To Victoria

A valuable collection of Bibles and related media presenting the history and accuracy of translations validated by the earliest manuscripts and recent archaeological evidence.

October 12th & 13th 9am - 9pm

October 14th 9am - 4:30pm

Mary Winspear Centre 2243 Beacon Avenue, Sidney

free adMissiOn

presented by the Christadelphians because the Bible is important to us


SEASIDE  TIMES | october 2012

• Licensed Family Best downtown WesternVictoria Emerald Isle Motor Inn

Restaurant on Site Pet Friendly 2306 •Beacon Avenue Sidney, BC V8L 1X2 (250) 656-4441

Best Western PLUS Emerald Isle

1.800.315.3377 |

2306 Beacon Ave., Sidney, BC • 250.656.4441

Each Best Western® Hotel is independently owned and operated. Best Western and the Best Western marks are service marks or registered service marks of Best Western International, Inc. ©2009 Best Western International, Inc. All rights reserved.

1.800.315.3377 www.

Each Best Western® Hotel is independently owned and operated. Best Western and the Best Western marks are service marks or registered service marks of Best Western International, Inc. ©2012 Best Western International, Inc. All rights reserved.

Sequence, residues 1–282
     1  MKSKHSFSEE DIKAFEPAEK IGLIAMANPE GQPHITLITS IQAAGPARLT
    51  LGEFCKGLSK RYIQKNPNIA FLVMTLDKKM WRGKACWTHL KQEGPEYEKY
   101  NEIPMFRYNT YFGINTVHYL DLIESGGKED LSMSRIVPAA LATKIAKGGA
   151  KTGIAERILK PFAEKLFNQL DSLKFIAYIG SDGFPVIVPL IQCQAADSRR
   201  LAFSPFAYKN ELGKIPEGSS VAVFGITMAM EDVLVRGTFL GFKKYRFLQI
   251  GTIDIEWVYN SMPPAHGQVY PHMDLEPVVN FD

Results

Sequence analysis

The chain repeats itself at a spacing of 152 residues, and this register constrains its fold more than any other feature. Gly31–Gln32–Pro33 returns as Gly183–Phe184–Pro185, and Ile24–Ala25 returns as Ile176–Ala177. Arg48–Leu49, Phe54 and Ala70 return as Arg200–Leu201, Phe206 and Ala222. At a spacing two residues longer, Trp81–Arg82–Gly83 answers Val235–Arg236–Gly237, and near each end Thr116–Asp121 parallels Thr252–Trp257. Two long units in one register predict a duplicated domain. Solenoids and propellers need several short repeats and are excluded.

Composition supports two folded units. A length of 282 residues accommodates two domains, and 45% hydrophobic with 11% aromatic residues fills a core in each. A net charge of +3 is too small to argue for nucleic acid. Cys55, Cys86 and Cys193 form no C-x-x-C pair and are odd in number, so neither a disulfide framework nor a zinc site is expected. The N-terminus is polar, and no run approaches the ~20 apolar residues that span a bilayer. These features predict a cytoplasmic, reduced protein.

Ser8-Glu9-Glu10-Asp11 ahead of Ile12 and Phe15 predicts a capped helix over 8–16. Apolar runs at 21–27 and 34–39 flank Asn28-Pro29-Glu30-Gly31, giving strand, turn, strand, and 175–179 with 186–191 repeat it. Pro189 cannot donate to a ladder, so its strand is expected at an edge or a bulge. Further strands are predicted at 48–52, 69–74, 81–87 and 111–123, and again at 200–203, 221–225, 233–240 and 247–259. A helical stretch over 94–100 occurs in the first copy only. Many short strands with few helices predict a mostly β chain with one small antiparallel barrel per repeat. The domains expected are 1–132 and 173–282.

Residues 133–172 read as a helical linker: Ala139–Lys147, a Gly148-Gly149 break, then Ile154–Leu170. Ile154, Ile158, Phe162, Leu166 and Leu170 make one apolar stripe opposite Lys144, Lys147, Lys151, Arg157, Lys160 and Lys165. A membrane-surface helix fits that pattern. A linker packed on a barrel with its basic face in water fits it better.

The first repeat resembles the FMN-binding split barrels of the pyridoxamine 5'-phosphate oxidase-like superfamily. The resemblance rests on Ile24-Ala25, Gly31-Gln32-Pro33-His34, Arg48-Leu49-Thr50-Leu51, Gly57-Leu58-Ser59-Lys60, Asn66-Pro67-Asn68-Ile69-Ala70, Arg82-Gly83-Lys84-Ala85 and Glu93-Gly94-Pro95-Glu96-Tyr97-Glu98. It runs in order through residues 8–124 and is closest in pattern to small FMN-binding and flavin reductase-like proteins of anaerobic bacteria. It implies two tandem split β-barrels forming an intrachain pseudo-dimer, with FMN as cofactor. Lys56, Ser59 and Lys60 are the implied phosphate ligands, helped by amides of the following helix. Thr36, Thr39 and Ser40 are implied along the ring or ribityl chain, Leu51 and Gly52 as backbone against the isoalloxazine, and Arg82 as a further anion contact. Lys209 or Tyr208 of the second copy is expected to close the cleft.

The Trusted Name In

real esTaTe

The Sidney Concert Band: We Will Remember!

Gay Helmsing – RealtoR® 250-360-7387 •

who says The markeT Is quIeT? Gay’s clients over the past six weeks don’t think so!

by Doreen Marion Gee

When my father listened to the Hallelujah Chorus of Handel’s Messiah, tears would stream down his face. Exquisite music can invoke a state of ecstasy in those primal parts of the brain. Music is a very powerful medium, etching magical lasting memories that touch us forever. Great music has the power to make us remember what is important, “lest we forget.” The Sidney Concert Band reminds us of the majesty of music, and how a band’s efforts can ripple throughout our community, spreading love to every corner. As president, Claire Mackelson loves being a part of the Sidney Concert Band. She trembles with glee as she talks about playing her beloved euphonium. “It turns a switch inside of me and is like electricity, a spark. I love it.” The music of the Sidney Concert Band has infused a lot of joy into this community since the band’s inception in 1986/87 – playing at the Sidney Band Shell, Beacon Park Pavilion, in schools, in local parades and providing the music for numerous events. The musicians’ hearts are always in the community. Claire glows: “We want to be able to make people smile and we want to help our community because they helped us!” The talented band deeply appreciates their generous sponsors: Holmes Realty in Sidney, The Mary Winspear Centre,